How San Bernardino Terrorist Lured Nerd Neighbor to Jihad

23 Dec 2015 | Author: | No comments yet »

Buyer of guns used in massacre faces terrorism charge.

Enrique Marquez, the pal who bought guns for San Bernardino terrorist Syed Rizwan Farook, was paid $200 month to enter into a sham marriage with one of the slain terrorist’s extended family members, court papers claim. RIVERSIDE, Calif. (AP) – The man who bought the assault rifles his friend used in the San Bernardino massacre was charged Thursday with a terrorism-related charge alleging he plotted earlier attacks at a college they attended and on a congested freeway.

The duo, who had become adherents to radicalized Islam ideology as neighbors in Riverside, plotted in 2011 and 2012 to maximize carnage by using pipe bombs and guns to kill innocent people at a campus cafeteria and those stuck in rush hour traffic, court documents said. Records show Marquez married Chernykh at a ceremony at the Islamic Society of Corona-Norco in California last year, although the mosque’s facility manager denied it occurred there. Farook and his alleged would-be accomplice, Enrique Marquez, planned to attack Riverside Community College, where they both had been students, and “throw pipe bombs into the cafeteria area from an elevated position on the second floor, and then to shoot people as they fled,” according to a criminal complaint against Marquez, 24.

Meanwhile, it was also revealed that the Farook and Marquez planned other deadly attacks — including one in which they would bomb the cafeteria of their former college in California. “[Marquez’s] prior purchase of the firearms and ongoing failure to warn authorities about Farook’s intent to commit mass murder had fatal consequences,” US Attorney Eileen Decker said. Marquez has been charged with conspiring to provide material support to terrorists based upon his plotting with Farook, which took place in 2001 and 2012. Authorities said that on the morning of the assault in San Bernardino, Malik searched social media for information related to the Islamic State group, which has hailed the attack but stopped short of claiming it.

U.S. authorities laid out a grim tale of jihadi seduction, with Farook indoctrinating Marquez, whom he met in 2005, through jihadist lectures and other propaganda. “Farook later introduced Marquez to radical Islamic ideology, which included expressing disdain towards Muslims in the U.S. military who killed other Muslims, as well as discussing the extremist views of the now-deceased imam and Islamic lecturer Anwar al-Aulaqi,” the Justice Department said in a statement. Marquez appeared in federal court in Riverside on Thursday afternoon, wearing a beige T-shirt and square-rimmed glasses, his hands cuffed in front of him as he sat at the defense table. He was described as both impressionable and the type who “couldn’t fight his way out of a wet paper bag,” the owner of a bar where he used to work told the Times. Farook began providing Marquez with radical Islamic materials, such as Inspire, a magazine published by Al-Qaeda in the Arabian Peninsula, according to the affidavit.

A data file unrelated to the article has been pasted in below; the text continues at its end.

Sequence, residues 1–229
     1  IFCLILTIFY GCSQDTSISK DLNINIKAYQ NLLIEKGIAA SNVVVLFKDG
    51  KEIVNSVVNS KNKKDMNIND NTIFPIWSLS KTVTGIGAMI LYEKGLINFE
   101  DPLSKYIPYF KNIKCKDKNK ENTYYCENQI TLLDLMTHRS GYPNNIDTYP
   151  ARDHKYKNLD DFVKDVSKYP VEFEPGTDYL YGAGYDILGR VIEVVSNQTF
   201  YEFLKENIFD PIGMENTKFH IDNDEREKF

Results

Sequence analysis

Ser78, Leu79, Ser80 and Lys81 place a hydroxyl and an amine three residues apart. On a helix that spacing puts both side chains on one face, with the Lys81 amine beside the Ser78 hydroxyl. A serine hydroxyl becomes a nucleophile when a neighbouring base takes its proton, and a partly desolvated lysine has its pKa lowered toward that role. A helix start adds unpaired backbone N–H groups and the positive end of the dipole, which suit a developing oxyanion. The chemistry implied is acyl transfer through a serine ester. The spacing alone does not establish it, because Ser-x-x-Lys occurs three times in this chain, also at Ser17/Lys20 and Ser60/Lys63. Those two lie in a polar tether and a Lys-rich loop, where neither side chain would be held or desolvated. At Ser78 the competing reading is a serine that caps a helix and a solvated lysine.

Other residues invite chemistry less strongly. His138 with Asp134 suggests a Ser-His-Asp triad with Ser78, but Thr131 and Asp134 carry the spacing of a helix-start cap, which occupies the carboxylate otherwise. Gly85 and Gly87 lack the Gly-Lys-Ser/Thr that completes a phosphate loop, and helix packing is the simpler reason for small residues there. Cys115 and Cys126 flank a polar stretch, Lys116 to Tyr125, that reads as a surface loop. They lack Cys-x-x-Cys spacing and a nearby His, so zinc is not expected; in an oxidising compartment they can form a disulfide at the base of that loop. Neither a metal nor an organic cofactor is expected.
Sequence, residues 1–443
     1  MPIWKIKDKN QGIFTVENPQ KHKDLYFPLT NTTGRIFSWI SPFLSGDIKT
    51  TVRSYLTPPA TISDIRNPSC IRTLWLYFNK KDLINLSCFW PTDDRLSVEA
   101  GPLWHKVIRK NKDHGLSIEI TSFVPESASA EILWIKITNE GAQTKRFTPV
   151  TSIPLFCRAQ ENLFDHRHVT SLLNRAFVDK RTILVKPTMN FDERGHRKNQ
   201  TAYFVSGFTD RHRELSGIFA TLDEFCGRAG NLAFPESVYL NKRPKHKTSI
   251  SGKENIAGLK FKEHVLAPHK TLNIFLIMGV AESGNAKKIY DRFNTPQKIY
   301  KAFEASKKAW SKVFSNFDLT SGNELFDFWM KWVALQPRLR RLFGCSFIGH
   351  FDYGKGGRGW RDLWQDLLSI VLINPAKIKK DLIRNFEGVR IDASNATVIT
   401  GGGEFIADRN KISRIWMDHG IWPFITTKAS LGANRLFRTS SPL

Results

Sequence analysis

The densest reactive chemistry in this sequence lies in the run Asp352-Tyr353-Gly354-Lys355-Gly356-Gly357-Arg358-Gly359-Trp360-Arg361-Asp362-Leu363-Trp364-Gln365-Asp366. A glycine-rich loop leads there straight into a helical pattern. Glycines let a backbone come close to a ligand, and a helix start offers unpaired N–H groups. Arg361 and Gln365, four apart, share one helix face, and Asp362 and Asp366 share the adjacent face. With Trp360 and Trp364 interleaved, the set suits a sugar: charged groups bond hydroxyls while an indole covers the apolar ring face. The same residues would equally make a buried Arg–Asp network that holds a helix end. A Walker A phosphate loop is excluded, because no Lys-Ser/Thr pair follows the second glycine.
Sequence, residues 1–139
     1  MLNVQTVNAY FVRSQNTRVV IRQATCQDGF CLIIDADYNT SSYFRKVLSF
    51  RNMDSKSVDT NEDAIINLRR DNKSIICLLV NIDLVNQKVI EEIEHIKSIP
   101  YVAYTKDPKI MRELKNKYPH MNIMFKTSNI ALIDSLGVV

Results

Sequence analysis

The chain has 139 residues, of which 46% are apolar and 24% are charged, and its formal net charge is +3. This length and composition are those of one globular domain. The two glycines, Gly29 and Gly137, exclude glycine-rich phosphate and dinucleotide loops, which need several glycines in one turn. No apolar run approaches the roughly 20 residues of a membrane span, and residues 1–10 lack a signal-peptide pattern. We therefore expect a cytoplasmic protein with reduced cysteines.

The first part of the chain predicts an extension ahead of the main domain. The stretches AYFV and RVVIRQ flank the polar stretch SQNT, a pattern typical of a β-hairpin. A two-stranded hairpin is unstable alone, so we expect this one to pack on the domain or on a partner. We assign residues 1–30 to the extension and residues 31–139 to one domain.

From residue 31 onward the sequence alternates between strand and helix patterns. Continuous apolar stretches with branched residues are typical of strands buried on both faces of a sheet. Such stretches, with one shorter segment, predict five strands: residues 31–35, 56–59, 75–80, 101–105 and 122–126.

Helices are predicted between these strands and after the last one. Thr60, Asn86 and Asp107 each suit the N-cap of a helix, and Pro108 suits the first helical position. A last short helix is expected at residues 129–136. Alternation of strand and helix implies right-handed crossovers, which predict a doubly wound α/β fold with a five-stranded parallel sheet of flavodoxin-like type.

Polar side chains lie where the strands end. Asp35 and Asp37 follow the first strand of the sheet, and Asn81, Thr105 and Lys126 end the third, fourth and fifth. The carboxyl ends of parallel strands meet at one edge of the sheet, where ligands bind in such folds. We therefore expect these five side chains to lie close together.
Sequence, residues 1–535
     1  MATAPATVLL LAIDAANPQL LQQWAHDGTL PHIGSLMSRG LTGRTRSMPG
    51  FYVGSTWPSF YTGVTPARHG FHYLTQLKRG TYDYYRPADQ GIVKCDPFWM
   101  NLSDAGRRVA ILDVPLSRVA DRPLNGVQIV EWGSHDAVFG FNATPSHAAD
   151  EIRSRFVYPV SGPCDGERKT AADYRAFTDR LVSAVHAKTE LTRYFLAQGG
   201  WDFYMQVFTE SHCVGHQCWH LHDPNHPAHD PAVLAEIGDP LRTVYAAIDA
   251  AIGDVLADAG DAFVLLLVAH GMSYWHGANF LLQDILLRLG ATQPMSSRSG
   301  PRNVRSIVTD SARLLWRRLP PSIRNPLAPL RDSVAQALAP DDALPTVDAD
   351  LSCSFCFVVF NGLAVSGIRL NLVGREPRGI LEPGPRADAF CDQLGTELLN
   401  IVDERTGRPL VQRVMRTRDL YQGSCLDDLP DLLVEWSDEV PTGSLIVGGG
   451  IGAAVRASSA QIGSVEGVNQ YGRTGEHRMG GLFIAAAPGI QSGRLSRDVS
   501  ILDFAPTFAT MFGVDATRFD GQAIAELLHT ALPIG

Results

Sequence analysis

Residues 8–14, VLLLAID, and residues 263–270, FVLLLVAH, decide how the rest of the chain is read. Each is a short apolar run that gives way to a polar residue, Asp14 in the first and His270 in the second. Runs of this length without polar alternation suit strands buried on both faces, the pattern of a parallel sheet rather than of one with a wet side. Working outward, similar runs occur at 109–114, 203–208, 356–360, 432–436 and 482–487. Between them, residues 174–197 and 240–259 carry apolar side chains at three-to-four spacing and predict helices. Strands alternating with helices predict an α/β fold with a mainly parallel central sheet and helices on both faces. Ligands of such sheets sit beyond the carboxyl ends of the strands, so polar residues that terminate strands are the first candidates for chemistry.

A lengthy affidavit outlines evidence against Marquez, including statements he gave investigators over 11 days after he waived his rights to remain silent and be represented by a lawyer. In August 2011, Farook informed Marquez of his interest in joining AQAP in Yemen.” The allegations tend to undercut the notion that it was Farook’s wife, Malik, who radicalized him and persuaded him to engage in violence. The affidavit said Farook was registered as a student there from about 2004 to 2010. “Marquez admitted that the attacks were designed to maximize the number of casualties that could be inflicted,” the affidavit said, adding that Marquez drew a diagram of the planned attack for authorities.

Farook allegedly planned to then move among stopped vehicles, shooting into them, while Marquez shot into vehicles from a position on a nearby hillside. Marquez told authorities he converted to Islam around age 16 and four years later was spending most of his time at Farook’s home, reading, listening to and watching “radical Islamic content” that included al-Qaida instructions on how to make bomb.

Once vehicles were disabled and traffic was clogged, Farook would gun down those who were trapped, while Marquez took aim at first-responders from an adjacent hillside. Around the same time, Marquez bought smokeless powder “in furtherance of his and Farook’s plans to create bombs and commit mass killings.” But Marquez was getting nervous about his relationship with his budding terrorist friend, and in late 2012, he began to back away from Farook.

He said they also planned to throw pipe bombs on a busy section of freeway that has no exits, bringing traffic to a halt and then picking off motorists. A friend of Marquez, who asked not to be identified, had previously told The Daily Beast that Marquez’s attraction to Farook and radical Islam was “more of an intellectual curiosity” than a devotion. He said he agreed to buy them because “Farook looked Middle Eastern.” Authorities previously said Marquez had legally purchased the guns Farook and Malik used.

Marquez said he and Farook aborted their plans after authorities interrupted a terror plot in the area in November 2012 that involved four men who wanted to join either the Taliban or al-Qaida fighting U.S. forces overseas. A remote control was found in Farook and Malik’s rented sport utility vehicle after the couple were killed in a shoot-out with police. “Enrique wasn’t a violent kid.

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